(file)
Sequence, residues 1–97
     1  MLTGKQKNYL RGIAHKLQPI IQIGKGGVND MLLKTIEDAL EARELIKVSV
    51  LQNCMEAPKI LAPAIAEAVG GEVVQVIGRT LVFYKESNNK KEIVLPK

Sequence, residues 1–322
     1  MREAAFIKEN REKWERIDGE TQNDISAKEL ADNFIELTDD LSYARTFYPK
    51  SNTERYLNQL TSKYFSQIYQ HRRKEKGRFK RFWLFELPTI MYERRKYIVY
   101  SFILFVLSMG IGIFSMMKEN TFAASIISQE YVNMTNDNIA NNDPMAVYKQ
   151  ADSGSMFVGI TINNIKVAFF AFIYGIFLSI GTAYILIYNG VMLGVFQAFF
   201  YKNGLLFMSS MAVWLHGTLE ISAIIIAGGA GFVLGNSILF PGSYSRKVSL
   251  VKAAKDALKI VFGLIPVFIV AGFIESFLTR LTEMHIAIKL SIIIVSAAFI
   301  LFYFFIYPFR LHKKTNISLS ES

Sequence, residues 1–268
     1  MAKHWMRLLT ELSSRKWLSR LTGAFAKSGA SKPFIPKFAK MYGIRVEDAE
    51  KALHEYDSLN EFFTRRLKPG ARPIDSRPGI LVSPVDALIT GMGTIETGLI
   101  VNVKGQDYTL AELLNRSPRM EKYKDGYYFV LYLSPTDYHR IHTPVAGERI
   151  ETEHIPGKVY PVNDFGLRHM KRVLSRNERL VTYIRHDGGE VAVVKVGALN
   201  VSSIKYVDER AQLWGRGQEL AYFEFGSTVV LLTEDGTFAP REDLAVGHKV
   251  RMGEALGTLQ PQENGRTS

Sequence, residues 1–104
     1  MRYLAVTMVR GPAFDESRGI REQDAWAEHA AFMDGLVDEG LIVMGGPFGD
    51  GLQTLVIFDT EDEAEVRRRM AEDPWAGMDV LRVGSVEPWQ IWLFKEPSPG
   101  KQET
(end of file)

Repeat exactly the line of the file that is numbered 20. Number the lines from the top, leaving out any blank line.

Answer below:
     1  MRYLAVTMVR GPAFDESRGI REQDAWAEHA AFMDGLVDEG LIVMGGPFGD